I walked a lot of miles 6-9 after rolling my ankle for what seemed like the millionth time. All of the leaves definitely added another challenge to the race, but there were many sections that I deemed "runnable" and my legs were still feeling pretty good. I've had hydration issues in other races, but I managed my intake better this time. When my iPhone was telling me that I was getting close to the end - and my legs were telling me the same thing - the lead runner in the 50k came up on me. Now, here's where the head could have come into play. Here, I could have said, "Oh my God, he's run twice as far as I have and he's passing me." The lead runner could have been thinking things like, "Holy crap, why is there still a half marathoner in my way?"

Instead, the lead runner took the time to tell me that I was looking good, and that the finish was just a little further down the trail. I think I thanked him and encouraged him on his finish, but things were getting fuzzy by this point. The moral of the story is that trail runners are the best, folks. Simply the best. When I came out of the trees onto the road that led up (and up... and up...) to the finish line, there was a crowd of people waiting for the 50k'ers to come through on their final segment. I was greeted by "almost there" and "great job". Matt and Cara, who finished about 40 minutes ahead of me, were waiting partway up the hill to cheer me on. As I turned into the lane that signaled the final yards of the race, half marathoners who had finished earlier shouted encouragement and clapped. Cow bells were ringing, and when I stepped across the finish line, Ben was waiting there with a medal. I missed my under-four-hours goal by a few minutes, but that's okay. It was an absolutely beautiful day, and I shared it with the best possible people.

I have been running for about five years now. I ran my first 5k shortly before my youngest daughter was adopted from Vietnam, and then promptly took a year off. When I started back in, I fell in with a group of trail runners and found support that I couldn't have imagined. Five years later, I'm 40 years old, 30 pounds lighter and I still love to be on the trails.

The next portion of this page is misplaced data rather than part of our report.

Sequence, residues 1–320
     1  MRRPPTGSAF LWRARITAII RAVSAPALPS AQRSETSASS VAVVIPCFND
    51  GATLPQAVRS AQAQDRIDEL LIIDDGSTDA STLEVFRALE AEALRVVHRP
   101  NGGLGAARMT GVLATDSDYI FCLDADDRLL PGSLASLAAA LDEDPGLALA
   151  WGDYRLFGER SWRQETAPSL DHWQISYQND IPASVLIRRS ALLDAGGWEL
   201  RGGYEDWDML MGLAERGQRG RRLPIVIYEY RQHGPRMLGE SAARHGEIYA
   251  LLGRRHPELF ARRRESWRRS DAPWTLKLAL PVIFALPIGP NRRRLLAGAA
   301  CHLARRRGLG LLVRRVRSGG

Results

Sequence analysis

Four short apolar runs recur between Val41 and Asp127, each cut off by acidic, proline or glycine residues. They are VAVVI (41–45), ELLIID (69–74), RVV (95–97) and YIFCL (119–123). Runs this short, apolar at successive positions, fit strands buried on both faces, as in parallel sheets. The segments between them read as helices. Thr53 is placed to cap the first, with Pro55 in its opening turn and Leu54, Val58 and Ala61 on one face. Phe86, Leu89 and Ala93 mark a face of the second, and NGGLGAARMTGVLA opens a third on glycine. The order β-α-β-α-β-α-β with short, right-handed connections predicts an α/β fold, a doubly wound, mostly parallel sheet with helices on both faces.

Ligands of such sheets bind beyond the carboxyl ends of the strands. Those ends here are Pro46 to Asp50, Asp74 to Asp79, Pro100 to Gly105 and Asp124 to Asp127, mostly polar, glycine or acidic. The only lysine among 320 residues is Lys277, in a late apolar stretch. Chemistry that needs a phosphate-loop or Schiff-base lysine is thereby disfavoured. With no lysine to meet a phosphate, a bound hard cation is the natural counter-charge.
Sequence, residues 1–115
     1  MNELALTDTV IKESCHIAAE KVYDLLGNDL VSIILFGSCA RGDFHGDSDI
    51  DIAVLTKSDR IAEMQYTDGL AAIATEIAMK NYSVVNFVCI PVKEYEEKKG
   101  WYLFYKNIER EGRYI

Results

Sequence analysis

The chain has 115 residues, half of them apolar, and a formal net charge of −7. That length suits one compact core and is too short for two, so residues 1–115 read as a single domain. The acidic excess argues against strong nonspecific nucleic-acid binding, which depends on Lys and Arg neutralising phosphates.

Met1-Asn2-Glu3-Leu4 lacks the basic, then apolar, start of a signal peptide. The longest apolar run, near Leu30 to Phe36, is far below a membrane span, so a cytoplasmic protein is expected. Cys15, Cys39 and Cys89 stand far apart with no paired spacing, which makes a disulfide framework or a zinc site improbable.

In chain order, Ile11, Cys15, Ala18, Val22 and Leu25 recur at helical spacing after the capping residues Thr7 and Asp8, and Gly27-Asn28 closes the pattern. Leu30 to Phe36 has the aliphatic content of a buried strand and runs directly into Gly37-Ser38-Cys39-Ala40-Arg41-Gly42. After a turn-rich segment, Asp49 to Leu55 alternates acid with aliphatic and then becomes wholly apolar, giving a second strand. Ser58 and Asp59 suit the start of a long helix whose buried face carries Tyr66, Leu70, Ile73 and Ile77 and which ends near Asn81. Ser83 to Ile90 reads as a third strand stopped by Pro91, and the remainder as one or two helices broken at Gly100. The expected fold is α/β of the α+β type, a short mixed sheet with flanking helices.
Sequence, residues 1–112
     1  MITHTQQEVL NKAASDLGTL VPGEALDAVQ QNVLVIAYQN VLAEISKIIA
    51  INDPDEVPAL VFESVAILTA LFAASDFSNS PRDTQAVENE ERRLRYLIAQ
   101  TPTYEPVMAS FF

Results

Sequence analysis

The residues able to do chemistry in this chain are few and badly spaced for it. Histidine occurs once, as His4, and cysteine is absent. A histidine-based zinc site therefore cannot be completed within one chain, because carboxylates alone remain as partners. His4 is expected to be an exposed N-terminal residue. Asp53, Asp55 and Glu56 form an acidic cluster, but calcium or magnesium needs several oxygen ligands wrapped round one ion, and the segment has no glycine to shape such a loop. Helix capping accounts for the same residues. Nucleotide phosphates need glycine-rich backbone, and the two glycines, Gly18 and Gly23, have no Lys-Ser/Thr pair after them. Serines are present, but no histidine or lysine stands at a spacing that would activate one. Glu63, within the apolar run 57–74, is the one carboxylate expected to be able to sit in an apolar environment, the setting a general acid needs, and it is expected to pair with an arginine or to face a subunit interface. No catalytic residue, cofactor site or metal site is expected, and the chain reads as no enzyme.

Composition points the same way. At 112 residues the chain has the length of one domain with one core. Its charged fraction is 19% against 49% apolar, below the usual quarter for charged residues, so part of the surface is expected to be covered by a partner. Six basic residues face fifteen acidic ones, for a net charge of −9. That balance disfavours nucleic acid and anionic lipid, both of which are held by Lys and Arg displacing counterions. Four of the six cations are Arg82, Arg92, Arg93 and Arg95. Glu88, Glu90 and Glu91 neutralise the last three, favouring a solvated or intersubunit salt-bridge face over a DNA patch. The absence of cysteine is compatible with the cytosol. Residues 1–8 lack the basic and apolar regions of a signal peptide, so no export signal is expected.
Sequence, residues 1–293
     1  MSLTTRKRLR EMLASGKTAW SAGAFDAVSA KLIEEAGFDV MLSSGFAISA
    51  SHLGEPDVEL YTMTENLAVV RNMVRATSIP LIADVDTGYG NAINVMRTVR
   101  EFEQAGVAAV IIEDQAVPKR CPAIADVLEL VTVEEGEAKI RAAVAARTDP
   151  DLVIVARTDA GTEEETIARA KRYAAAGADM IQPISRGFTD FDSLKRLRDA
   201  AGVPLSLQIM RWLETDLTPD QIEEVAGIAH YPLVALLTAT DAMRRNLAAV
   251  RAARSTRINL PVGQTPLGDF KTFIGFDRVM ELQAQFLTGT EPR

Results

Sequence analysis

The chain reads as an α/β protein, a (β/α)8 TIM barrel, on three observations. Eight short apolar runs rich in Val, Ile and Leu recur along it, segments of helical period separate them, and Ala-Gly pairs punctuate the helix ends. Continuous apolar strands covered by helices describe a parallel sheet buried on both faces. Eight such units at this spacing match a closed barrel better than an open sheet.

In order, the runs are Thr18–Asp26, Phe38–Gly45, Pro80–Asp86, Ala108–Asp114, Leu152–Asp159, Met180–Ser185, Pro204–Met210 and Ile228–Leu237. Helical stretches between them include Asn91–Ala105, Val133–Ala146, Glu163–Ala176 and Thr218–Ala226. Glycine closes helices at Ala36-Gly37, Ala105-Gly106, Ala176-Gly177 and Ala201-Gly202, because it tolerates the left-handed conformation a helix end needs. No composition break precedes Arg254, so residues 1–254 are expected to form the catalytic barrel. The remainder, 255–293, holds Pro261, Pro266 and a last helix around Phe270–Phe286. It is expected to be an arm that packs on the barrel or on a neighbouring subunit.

Next up is the Bison 50, a 50 mile relay race. We have a team of 10 hardy souls, taking legs of 4-6 miles each. There will be a lot of laughs, a few beers and a little bit of running. I can't wait!

Tuesday, August 28, 2012

It's Beginning To Look A Lot Like Race Season

Here we go! After approximately three months without running, I need to get my Asics in gear. The heat has been absolutely crushing this summer, so I have filled my time with elliptical workouts and the Nike Fit app. Now that we're easing into Fall, it's time to plunk down a little cash and get reacquainted with the asphalt.

So far, I have the 5k Race Against Breast Cancer in late September and three races in October: a 5k Color Run, a trail half marathon and a 4-6 mile leg of a 50-mile relay race. I hit the Governor's Mansion loop for 4 miles on Sunday with friends and didn't keel over. I'll take that as a good sign and keep adding the mileage.

I am incredibly glad that I have kept up with the workouts, even if they haven't been running-focused. I feel stronger and my pace was definitely faster than expected this weekend. We'll see how that translates come race time, but since I have yet to clear 40 minutes with a 5k, pace obviously isn't my big concern!

I'm excited to be turning the legs over again! I've kept up with my fitness routine, but there's nothing like running to make me happy. And, thanks to my latest obsession (Pinterest), I have a new motivational slogan: